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A visual introduction to pitch sequencing with Carlos Martinez

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In which I introduce a project I’ve been working on this offseason...

MLB: St. Louis Cardinals at Miami Marlins Jasen Vinlove-USA TODAY Sports

Carlos Martinez possesses a deep repertoire that is ideal for the utilization of pitch sequencing. He can dial up his fourseamer into the high-90’s and can subsequently pair the heater with a running high-80’s changeup or an ankle-breaking slider in the mid-80’s. The repertoire doesn’t stop there, either, as he also throws a mid-90’s sinker — with even more arm-side run than his changeup — and has seemingly added a high-70’s curveball (for the first time last season).

In case you missed it, Matthew Trueblood, of Baseball Prospectus, published a piece yesterday titled, “Rubbing Mud: Carlos Martinez, Tunnels, and PECOTA.” The article is undoubtedly very well put together and full of meaningful insight, but it is admittedly complex — particularly the tunneling metrics section — more complex than I try to be with my work. Don’t get me wrong, Trueblood did a great job at explaining what the metrics told us in “layman’s terms,” but the subject matter remains complicated (and developing) nonetheless.

Back when I first started blogging (especially prior to arriving here at Viva El Birdos), my goal was always to tackle something borderline complicated in pitching and do my best to make it easy to understand for all of my readers, not just the statistically-inclined ones. I feel like I do a decent job at achieving that goal most of the time, but I definitely still have room for improvement.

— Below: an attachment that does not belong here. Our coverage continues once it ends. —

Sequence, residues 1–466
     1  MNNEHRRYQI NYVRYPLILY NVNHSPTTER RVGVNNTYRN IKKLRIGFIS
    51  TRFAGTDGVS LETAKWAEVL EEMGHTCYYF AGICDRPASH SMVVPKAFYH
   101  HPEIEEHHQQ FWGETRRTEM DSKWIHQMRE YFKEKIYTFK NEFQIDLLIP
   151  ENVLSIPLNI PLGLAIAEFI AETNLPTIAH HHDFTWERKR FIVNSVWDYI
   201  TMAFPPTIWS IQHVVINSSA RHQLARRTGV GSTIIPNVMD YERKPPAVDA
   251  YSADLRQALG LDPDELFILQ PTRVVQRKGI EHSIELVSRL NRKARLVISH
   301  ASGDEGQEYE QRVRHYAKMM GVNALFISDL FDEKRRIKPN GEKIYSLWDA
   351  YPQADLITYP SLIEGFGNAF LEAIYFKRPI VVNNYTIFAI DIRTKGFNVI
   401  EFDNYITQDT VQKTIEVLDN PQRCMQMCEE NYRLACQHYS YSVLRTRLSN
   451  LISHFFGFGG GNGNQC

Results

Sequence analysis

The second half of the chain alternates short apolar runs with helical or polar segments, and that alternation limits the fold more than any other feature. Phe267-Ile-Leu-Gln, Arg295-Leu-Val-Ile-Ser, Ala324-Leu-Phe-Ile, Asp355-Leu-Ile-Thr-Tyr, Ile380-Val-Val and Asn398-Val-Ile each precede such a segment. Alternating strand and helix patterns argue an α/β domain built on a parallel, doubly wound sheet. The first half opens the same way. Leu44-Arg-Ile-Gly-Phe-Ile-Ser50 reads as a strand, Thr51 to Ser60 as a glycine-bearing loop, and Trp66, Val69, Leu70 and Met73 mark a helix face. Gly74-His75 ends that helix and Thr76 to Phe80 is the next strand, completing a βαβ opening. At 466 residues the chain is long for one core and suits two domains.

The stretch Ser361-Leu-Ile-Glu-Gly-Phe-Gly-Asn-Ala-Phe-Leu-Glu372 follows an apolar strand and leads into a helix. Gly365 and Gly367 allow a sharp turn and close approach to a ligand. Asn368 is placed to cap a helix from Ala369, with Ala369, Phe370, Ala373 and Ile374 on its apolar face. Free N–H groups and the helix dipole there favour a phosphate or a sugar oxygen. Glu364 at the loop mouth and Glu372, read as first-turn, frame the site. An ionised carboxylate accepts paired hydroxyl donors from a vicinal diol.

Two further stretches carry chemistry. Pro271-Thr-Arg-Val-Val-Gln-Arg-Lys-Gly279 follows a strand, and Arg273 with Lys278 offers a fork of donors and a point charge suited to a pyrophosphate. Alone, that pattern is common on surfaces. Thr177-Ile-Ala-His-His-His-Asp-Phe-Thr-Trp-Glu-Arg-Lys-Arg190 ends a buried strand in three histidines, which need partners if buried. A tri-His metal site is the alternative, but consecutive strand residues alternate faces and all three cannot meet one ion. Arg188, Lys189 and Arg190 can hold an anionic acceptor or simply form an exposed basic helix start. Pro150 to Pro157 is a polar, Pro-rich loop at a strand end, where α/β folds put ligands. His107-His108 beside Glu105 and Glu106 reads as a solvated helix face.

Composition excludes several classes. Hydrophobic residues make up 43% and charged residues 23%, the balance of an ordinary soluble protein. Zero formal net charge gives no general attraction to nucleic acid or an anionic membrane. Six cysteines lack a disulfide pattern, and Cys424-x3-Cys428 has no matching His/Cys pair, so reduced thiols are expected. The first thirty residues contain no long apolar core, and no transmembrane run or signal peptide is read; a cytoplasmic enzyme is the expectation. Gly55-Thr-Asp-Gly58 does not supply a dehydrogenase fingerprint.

Well, for a handful of hours over the offseason, I gathered data from Martinez’s game logs on BrooksBaseball.net in hopes of eventually putting together a pitch sequencing piece. As referenced above, Trueblood beat me to said piece, and honestly, he did a much better job than I originally projected myself doing. That being said, I haven’t scrapped all that I have started and eventually plan on publishing my findings — with the help of visuals, of course.

And as a somewhat brief introduction, let’s take a layered look (via @cardinalsgifs) at two pitches in Martinez’s strikeout of 2016 American League batting champion Jose Altuve (BrooksBaseball At Bat) on August 17th.

Pitch number one — highlighted by the pink trail — is an 83.6 MPH slider with 9.34 inches of glove-side horizontal movement. Pitch number two — highlighted by the green trail — is a 94.4 MPH sinker with 9.18 inches of arm-side horizontal movement. Unfortunately, we do not have the privilege of viewing these two pitches through the lens of the Fox Sports Midwest Busch Stadium camera angle, so we cannot truly appreciate the magnitude of difference in horizontal movement. Instead, we must rely on the numbers provided by PitchF/x, and frankly, what we find is essentially Martinez’s peak movement differential at nearly 20 inches.

Now, I must confess that these two pitches aren’t exactly a “pitch sequence” as he threw a hanging slider inside for a ball between the two. However, this post serves as just an introduction to the topic, and given Martinez’s repertoire, he could very easily sequence these two pitches together — a pitch pair Trueblood discusses in his piece. Plus, the slider was the overall winner of my #BattleofthePitches bracket, so it doesn’t hurt to revisit the downright devastating pitch.

So, what’s next, you ask? Using BrooksBaseball.net, I have been tracking the two-pitch sequences of every single swing and miss Martinez induced last season. Martinez tallied 322 swings and misses last season, so as you’d suspect, it will still take some time before I have each one tabulated. The specifics of what I am looking at are pitch type, velocity (faster to slower, slower to faster), and location (in/out, up/down). After each whiff has been tracked, I will see if any trends can be determined — with sample size considerations, of course. Finally, I will have my favorite sequences GIF’d — similar to the one above — to better understand what opposing batters have to deal with when facing Martinez. Here’s to hoping we can get a better grasp of Carlos Martinez, starting pitcher, one step at a time.

Questions, comments, concerns? Feel free to include them below, and I will check them out tonight after work.

Again, credit to the great @cardinalsgifs for the GIF included in this piece.